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Take me home, to the place, I belong

When you’ve lived away from home for an extended period of time, you start to feel like a leaf, blown far away from its tree by the wind. Its roots though, which nourished and nurtured it, continue to deepen, as though replicating gravity that tends to draw you back to the earth you belong to.

The plane ride back to India from another country is a journey of nostalgia. There’s something sweet, touching and homely about it. Perhaps it is that warm feeling inside, a sense of belonging, a knot that seems to have been tied again. Perhaps just the change in air. The last few minutes before the plane hits the ground, with the seat tilting forward, ears blocked, thoughts turbulent, eyes trying to absorb the city lights outside the window…

And then it happens. The thud. The sound of tires screeching. Ears pop open to sounds you’ve known and lived among for years. The accents, the language. The smell of the air freshener, that you know will soon be replaced by salivating aromas. The blast of air that strokes your face when you step right outside the place, carrying with it  images to flood your mind. The warmth. Even the slow-moving immigration queue that you thought you’d become alien to, but not quite. And the lone thought that this is where you belong. Such is home.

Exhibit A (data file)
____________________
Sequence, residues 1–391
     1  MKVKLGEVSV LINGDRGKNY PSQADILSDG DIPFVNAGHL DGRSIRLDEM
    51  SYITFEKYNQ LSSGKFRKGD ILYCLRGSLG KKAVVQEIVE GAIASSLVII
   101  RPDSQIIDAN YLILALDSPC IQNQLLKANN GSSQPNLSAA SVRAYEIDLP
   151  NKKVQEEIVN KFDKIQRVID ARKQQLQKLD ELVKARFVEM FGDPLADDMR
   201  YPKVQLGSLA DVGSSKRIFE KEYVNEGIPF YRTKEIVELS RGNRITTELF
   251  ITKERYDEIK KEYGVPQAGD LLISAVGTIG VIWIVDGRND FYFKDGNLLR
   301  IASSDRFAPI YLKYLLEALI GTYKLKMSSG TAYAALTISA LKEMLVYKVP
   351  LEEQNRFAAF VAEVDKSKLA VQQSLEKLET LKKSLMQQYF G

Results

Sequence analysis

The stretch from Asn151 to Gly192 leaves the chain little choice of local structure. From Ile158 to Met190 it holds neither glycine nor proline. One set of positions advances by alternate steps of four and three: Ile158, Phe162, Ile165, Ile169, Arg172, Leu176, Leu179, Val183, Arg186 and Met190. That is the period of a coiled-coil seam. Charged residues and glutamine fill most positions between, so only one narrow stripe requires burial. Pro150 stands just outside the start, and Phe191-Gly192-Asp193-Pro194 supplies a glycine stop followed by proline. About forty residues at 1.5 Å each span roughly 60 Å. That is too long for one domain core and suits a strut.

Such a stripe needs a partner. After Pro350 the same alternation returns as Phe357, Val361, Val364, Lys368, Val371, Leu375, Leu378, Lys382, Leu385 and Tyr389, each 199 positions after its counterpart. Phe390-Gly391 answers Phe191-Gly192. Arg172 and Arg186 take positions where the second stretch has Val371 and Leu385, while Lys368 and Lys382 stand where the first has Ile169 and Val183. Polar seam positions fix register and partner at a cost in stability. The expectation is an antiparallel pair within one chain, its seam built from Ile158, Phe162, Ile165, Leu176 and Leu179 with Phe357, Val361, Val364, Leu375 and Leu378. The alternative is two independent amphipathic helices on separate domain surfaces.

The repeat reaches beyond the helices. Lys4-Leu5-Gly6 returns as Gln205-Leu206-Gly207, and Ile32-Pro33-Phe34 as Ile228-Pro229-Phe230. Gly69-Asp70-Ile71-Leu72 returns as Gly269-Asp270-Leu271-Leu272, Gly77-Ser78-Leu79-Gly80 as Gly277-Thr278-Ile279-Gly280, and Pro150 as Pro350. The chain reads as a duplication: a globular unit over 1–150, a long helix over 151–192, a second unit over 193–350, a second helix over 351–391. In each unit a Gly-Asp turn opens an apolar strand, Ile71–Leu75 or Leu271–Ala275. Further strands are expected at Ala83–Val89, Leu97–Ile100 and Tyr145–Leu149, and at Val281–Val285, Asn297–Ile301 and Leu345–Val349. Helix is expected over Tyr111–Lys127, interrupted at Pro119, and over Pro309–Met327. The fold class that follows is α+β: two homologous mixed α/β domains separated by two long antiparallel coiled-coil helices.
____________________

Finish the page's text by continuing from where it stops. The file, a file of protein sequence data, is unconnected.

In all the nostalgia, here’s my favorite poem from 12th grade literature:

To India – My Native Land
– Henry Louis Vivian Derozio

My country! In thy day of glory past
A beauteous halo circled round thy brow,
And worshipped as a deity thou wast.
Where is that glory, where that reverence now?
Thy eagle pinion is chained down at last,
And groveling in the lowly dust art thou:
Thy minstrel hath no wreath to weave for thee
Save the sad story of thy misery!

Well let me dive into the depths of time,
And bring from out the ages that have rolled
A few small fragments of those wrecks sublime,
Which human eyes may never more behold;
And let the guerdon of my labour be
My fallen country! One kind wish from thee!

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by

Hello! I'm Shivya. 7+ years ago, I quit my full-time corporate job and started travelling the world. I gave up my home, sold most of my possessions and embraced the life of a digital nomad. I'm passionate about sustainable tourism, offbeat destinations, solo travel and veganism. If you enjoyed reading this blog post, leave me a comment and let me know. You can also buy a copy of my bestselling book, The Shooting Star. Thanks for joining my adventures virtually! Connect with me on Instagram/Twitter @shivya.

18 Comments

  1. That’s a lovely poem to end the post. I don’t remember reading it during my schooling. The feeling of nostalgia you’ve described is awesome! One has to experience it to know the essence of it. I used to get this feeling when I used to fly from Mumbai to my home in Bangalore. So it is not surprising to see you to get that kind of feeling when you are coming to your country.

  2. @ Varun: It was part of the ICSE syllabus, though optional. Ah, inter-city nostalgia is something I’ve never experienced yet!

    @ guapachicha: 🙂

    @ Harsh: Haha, thanks Harsh. One & only indeed 😀

  3. hmmm….the sweet pain called nostalgia !